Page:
Fred Lemisch bounces a little on the balls of his feet and presses his fingertips together hopefully. "R-r-r-really? Fix the r-r-roof? That'd be so k-k-keen!" His life is complete, his world is perfect. "P-please, Mister Hig-g-gami, I'm being r-rude. W-would you like something to d-d-drink? Have a s-seat." He pauses, considering his two rickety straight chairs. "I'm s-sorry we d-d-don't sit on the floor here. It m-must b-be s-strange for you."
Higami shakes his head. "No, not at all, Mr. Lemisch. In places of business, we Nihonjin rarely sit on floors. The business and home environments have become parallels to global and traditional Japanese culture, respectively." He takes a seat. "Except in Shikoku, of course... but that's another story altogether. Mr. Lemisch, allow me to introduce the next proposal I wanted to extend to you; when I left Nippon, I had already been informed as to the presence of your well-maintained and impressive collection. Knowing that I was to be frequently using it, I could not have arrived without bringing something along to offer in return. When I arrived, I flew in with me three industrial-sized crates, each containing nine other crates. The first of these contained materials to build a shrine here, and a few technological innovations to facilitate the building of a Guild outpost, a simple wooden cabin, really, to be commenced shortly; the second contained technological apparati; and the third contained books. I would like your permission, Mr. Lemisch, to keep these books in your library, to serve as part of your collection, if you would be so generous. I have the books listed and sorted by Dewey Decimal number; you will find that list, in twenty pages, along with my notes in the desk drawer. Also, I have brought equipment which would allow library patrons to access frequency-oriented media, specifically music and speech from before the Dark Years... a CD player, a tape player, an mp5 decoder and four sets of headphones, along with a small crate of actual recordings for them. It would honor me if you would allow them to be stored here as well."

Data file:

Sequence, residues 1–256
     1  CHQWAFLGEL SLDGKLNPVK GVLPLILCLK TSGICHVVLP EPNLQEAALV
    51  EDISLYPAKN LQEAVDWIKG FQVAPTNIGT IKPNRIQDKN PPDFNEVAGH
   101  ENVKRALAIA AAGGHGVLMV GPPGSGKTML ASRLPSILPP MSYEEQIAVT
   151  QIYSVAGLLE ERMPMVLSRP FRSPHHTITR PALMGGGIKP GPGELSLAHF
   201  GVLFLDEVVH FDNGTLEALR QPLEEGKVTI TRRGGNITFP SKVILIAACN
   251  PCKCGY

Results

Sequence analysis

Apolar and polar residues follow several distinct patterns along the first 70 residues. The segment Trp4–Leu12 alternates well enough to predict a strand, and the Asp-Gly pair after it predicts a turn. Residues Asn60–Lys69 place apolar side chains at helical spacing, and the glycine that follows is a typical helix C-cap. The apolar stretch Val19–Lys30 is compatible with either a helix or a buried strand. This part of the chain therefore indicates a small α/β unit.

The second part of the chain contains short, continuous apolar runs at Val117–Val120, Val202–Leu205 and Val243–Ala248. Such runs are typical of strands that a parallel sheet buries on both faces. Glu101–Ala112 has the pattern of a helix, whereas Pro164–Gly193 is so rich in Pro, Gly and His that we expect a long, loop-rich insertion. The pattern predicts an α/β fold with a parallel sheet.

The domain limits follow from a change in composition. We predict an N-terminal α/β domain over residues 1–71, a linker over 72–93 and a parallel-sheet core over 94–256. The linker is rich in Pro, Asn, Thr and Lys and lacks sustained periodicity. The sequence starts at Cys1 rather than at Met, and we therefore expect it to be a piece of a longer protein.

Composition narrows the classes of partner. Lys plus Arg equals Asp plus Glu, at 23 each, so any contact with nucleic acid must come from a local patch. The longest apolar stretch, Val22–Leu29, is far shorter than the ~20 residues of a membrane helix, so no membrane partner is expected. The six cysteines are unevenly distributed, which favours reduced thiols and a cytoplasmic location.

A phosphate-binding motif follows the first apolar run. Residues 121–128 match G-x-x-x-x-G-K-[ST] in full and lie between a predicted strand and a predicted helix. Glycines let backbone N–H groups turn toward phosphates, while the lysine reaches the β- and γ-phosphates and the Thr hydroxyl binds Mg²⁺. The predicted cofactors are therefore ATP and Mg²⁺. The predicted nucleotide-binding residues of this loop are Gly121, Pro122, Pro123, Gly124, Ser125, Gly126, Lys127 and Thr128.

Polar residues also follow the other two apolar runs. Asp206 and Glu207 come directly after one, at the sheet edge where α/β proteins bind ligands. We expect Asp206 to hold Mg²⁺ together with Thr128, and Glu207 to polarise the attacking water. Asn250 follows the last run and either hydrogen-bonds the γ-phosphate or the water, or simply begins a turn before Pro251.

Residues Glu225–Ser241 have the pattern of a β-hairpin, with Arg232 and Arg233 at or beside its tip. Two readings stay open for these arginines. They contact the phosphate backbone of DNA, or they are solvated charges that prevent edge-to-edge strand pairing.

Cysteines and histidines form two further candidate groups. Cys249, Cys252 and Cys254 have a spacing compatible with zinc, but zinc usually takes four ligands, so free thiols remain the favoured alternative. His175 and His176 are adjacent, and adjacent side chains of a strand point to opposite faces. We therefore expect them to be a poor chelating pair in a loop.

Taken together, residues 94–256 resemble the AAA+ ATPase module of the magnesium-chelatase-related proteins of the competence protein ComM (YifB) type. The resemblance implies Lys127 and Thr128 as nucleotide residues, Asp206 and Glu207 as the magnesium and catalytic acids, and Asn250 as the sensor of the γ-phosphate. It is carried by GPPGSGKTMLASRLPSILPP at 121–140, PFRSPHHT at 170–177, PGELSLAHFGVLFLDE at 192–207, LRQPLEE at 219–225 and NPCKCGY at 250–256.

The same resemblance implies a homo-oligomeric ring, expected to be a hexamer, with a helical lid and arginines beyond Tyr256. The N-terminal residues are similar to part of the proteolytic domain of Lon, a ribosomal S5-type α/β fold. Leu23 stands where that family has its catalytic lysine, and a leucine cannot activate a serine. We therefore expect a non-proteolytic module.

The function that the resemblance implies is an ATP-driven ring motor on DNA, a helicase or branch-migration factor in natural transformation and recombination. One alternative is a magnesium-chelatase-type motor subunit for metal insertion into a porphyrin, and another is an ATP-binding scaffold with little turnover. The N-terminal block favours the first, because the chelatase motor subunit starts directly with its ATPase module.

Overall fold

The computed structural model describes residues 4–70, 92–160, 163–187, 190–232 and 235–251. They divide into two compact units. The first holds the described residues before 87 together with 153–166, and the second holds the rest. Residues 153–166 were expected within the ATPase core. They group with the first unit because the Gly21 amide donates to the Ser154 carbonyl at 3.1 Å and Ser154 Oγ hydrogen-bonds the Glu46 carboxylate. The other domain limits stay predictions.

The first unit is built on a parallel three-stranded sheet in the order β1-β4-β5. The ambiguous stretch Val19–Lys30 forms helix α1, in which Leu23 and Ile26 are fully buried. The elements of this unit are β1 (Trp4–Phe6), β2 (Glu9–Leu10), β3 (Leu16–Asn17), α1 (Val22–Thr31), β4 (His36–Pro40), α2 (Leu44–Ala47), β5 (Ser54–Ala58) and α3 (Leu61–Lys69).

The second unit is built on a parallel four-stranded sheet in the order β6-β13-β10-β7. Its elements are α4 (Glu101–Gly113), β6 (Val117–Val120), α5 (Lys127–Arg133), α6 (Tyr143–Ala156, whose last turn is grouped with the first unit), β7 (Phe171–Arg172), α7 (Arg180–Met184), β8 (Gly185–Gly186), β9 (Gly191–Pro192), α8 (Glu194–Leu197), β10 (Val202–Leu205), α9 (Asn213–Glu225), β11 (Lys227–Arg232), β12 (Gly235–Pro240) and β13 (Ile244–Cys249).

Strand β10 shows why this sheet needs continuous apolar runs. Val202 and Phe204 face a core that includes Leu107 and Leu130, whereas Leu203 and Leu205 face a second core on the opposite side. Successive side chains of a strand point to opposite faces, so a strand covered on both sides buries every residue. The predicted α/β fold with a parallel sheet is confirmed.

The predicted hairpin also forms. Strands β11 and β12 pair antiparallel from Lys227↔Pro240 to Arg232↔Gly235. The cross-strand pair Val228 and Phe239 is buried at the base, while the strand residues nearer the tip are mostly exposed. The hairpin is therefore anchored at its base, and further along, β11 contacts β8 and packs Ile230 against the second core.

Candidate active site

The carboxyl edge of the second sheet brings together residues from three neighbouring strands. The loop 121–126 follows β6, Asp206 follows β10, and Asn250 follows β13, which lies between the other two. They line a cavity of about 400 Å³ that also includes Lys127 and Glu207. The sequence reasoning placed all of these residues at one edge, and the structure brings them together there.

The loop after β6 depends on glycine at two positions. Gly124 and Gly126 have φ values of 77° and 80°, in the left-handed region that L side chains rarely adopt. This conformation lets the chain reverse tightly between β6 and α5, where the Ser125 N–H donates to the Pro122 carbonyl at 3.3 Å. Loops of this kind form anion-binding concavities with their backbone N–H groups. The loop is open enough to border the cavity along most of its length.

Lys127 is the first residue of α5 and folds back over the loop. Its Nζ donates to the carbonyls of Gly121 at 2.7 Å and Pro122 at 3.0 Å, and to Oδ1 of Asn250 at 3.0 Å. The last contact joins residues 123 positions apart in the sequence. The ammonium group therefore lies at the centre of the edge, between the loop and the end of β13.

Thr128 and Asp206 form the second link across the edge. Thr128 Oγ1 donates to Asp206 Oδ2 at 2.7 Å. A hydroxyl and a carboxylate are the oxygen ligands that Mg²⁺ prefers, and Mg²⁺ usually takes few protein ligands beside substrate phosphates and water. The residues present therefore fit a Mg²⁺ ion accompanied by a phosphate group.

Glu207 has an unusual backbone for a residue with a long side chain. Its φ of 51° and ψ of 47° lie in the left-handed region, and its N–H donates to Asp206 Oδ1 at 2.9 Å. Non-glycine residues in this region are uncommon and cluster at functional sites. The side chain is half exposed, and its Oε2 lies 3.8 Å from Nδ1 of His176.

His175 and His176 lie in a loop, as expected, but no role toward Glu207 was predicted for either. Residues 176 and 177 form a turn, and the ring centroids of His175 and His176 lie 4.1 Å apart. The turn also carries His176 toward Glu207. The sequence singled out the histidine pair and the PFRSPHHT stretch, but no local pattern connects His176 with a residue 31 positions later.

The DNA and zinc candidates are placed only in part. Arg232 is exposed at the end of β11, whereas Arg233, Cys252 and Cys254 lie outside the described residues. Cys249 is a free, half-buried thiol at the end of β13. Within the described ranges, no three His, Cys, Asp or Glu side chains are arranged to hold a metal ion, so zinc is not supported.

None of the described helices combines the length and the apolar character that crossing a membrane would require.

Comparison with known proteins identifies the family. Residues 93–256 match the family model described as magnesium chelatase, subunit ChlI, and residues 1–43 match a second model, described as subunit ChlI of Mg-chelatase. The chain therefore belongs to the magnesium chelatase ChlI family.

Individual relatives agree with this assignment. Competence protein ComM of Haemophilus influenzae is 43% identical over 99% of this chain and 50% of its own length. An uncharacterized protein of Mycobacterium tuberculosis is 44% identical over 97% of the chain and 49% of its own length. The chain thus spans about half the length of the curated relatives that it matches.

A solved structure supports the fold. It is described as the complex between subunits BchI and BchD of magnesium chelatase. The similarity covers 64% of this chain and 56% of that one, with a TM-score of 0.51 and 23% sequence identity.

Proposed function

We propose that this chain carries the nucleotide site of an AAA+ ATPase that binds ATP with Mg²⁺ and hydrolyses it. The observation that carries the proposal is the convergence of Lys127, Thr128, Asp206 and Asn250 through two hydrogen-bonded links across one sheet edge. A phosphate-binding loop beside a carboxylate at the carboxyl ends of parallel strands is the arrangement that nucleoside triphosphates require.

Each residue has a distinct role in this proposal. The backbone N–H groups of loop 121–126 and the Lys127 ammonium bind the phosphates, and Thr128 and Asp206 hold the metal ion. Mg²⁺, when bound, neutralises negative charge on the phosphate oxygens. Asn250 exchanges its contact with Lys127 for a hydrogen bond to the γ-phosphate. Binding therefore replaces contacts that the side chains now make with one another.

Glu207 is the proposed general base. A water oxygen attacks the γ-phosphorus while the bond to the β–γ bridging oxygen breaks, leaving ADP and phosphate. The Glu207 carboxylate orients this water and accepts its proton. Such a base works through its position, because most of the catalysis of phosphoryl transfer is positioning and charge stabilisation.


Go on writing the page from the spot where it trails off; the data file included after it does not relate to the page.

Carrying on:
Fred Lemisch blinks. "G-g-g-gosh!" he exclaims, eyes wide. He pulls off his thick, ancient glasses, extracts a clean, neatly folded cotton handkerchief from his back pocket, and assiduously begins to polish the lenses. He opens his mouth to say something several times, and shuts it each time. At last, when the lenses are somewhat less smudged than they had been, he replaces the glasses on his nose and folds the handkerchief back up. Stuffing it into his back pocket, he finally looks up at Higami. "I'd b-b-be honored. If you r-really think there's enough r-room here for all that." He smiles and shakes his head with a little laugh. "And h-h-here I was thinking that the b-b-biggest part of my day was going to b-be finding a p-place for the 2144 World B-b-book set I f-f-found." He opens the indicated drawer of his desk and extracts the list. He pages through it wonderingly and just says, "Gosh!" again.
Higami leans forward a little bit. "Which brings me to my next request, Mr. Lemisch. The Communications Workgroup is working on a project now called the Shattered Rainbow project, or the Broken Mirror project as we call it in Japanese. It is nothing more than an attempt to catalogue the literary materials that have survived the long time of troubles we have just emerged from. I would like your permission to send the Guild of Technology a listing of the books you have collected and cared for so well, so that scholars worldwide may one day know to come here to seek information. This is also the first step of the Workgroup towards reinstating the Inter-Library Loan program, where libraries can exchange books temporarily by patron request. Would you be so kind as to allow me to send the Guild information on your library? Please know that you are under no obligation whatsoever to comply, if you don't feel perfectly comfortable with it."